For example, in Ganttic, your resources’ utilization is directly linked to the time-frame on the Gantt chart. Meaning if you were to zoom out and peek at the next quarter – the utilization will change as well. Automatically!
This ensures you will always have an accurate picture of your resource utilization. Whether you’re just looking at the short-term, or you want to see what’s coming. This makes it easier to schedule upcoming projects – since plans are made with all available information. And there won’t be any misunderstandings about resource capacity and use in future projects.
Bonus Tip: Schedule and resource “unconfirmed” projects using a color-coding system. When a project’s status changes (confirmed, on hold, completed) the color will change on the Gantt chart. That way you’ll know if the resources are scheduled for a confirmed project or something that’s still in the works – and you’ll have a better idea of what the actual utilization is. See some more tips on using color in your project management.
When doing high-level project portfolio management, resource utilization might be the last thing a PPM thinks about. However, when scheduling in a multi-project environment, there will inevitably be daily fights over shared resources. Whether that be meeting rooms, vehicle inspectors, specialized machinery or anything else needed to complete your project. This means managing resources’ usage should be inevitable, if not, welcome.
Plus, when it comes to long-term project planning, it’s a mistake to overlook resource utilization. Since this metric is also an important component for estimating task duration, and as such the overall project length. Projects and resources go hand in hand.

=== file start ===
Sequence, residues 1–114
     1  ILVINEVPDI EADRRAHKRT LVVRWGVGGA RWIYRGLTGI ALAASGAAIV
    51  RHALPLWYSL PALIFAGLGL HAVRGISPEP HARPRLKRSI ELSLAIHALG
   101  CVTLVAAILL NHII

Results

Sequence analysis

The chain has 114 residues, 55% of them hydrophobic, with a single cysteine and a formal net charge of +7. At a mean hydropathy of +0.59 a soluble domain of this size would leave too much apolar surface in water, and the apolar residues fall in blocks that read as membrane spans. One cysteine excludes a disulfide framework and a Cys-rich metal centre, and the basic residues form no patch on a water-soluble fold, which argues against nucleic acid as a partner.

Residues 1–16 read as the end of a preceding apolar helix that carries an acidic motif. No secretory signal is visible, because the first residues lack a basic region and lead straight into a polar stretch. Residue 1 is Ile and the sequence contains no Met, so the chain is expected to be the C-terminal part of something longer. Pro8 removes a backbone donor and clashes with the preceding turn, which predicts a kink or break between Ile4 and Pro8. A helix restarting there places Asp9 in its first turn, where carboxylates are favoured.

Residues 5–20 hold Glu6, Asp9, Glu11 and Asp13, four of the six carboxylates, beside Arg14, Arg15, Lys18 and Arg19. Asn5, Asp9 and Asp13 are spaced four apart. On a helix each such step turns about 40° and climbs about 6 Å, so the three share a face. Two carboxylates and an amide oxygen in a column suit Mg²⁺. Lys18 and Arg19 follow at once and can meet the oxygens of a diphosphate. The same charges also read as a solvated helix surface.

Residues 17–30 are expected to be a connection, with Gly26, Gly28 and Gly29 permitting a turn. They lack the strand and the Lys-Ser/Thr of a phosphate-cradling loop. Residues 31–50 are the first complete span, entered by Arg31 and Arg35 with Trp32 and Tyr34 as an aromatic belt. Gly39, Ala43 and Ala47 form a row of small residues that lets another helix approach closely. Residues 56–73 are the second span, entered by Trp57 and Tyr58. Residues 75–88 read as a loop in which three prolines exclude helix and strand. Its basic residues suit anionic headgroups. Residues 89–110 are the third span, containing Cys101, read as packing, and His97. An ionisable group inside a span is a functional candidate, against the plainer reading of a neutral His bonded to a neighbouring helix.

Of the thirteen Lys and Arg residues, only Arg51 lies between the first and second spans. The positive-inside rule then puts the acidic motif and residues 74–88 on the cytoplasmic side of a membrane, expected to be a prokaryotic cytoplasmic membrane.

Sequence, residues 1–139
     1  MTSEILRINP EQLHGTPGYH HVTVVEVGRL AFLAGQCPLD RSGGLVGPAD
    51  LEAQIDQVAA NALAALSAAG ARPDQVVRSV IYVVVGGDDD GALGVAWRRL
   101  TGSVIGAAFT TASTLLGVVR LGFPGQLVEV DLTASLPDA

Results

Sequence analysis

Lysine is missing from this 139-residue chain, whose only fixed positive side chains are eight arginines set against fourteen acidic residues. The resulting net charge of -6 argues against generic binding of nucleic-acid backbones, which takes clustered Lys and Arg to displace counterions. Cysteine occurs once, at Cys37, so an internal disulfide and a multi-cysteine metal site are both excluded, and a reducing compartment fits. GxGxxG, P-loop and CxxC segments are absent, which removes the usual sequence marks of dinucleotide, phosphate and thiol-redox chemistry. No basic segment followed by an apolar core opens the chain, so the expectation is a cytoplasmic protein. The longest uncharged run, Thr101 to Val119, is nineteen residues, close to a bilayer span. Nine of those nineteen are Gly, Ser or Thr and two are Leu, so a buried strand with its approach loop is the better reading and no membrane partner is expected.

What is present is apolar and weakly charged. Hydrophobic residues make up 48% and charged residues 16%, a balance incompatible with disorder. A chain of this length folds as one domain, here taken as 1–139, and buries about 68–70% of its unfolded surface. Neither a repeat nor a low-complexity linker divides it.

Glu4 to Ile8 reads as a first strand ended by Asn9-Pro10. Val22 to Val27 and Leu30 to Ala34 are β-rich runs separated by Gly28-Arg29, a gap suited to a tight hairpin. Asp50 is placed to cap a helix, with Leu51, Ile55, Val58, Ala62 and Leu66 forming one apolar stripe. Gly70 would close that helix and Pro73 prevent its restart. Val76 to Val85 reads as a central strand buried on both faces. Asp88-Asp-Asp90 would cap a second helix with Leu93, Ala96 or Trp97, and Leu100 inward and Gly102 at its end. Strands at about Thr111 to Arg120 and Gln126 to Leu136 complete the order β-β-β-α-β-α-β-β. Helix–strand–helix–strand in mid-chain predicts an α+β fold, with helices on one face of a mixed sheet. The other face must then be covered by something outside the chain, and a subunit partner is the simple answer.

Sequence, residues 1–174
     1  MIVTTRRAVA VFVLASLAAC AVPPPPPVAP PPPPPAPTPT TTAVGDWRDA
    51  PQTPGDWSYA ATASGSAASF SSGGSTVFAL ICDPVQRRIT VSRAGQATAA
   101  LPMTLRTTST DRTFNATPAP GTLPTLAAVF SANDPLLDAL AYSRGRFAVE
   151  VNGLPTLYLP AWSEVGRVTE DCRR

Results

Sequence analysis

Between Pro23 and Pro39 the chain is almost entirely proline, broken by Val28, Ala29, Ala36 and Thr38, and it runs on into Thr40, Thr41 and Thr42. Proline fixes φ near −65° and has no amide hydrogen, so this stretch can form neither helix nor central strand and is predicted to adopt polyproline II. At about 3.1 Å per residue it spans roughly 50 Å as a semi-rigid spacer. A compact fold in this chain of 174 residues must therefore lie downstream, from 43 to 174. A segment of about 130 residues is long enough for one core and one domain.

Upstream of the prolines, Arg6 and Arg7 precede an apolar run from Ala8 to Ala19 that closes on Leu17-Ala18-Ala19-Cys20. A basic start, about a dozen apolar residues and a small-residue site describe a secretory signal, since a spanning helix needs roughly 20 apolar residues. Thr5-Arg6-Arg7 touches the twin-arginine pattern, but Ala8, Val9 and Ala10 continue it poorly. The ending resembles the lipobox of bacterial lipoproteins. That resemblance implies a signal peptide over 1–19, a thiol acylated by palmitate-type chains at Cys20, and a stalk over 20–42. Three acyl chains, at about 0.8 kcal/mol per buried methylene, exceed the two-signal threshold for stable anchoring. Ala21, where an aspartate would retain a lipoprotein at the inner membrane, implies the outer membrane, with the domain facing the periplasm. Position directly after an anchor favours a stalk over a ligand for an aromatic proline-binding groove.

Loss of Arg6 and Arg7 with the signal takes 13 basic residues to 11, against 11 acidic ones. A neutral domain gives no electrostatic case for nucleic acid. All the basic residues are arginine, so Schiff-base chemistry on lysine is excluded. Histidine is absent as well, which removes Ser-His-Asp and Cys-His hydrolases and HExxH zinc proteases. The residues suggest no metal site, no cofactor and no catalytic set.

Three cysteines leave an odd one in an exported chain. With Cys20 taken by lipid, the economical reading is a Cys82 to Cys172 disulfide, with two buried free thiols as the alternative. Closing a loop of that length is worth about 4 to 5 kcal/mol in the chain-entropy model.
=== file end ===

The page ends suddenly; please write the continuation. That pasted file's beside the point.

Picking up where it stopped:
In addition to controlling the usage of resource groups, software can give an overview of the utilization of each project in the portfolio. So what’s the solution for monitoring project utilization? Project capacity graphs.
In Ganttic, these graphs will appear when the resources are grouped via their projects. Providing a visual heat map of when your resources are at their busiest during each project in the portfolio.
The formula that is used to create project capacity graphs is the same as the formula to calculate group utilization. But instead of the team, you see the utilization in the context of projects.
Unless you’re a fervent neo-Luddite, there’s no excuse for not implementing software that will do the utilization tracking for you. Resource management tools are an essential part of any project manager’s toolkit. With them, you can track and monitor the time, money, and other resources you have available to complete your projects.
This is important because the most common mistake that project managers make is not using these tools. When you don’t use them, you’re basically flying blind—because no matter how good a project manager you are, there’s no way to know what’s going on without having hard data behind your decision-making process.
With resource management tools, all of that “guessing” goes away. You get real numbers—and real data means better decisions!
Resource utilization is an important indicator for managing your team’s resources effectively. If you are making some of the above mistakes, it may be time to implement a resource management tool!
Sign up for a free trial of Ganttic today. See how seamlessly project scheduling goes when resource utilization tracking is built right in. Monitor individual, group, or project utilization and ensure that all your decisions are based on facts.
But only fools learn nothing from them. Take these lessons from others to heart, and start monitoring your resource utilization. It can give you a whole slew of information that will make your project and resource management better, more optimized, and more efficient.
Even better is if you can find capacity planning software that can measure this utilization for you. Automatically and constantly. It might be the last mistake you ever make.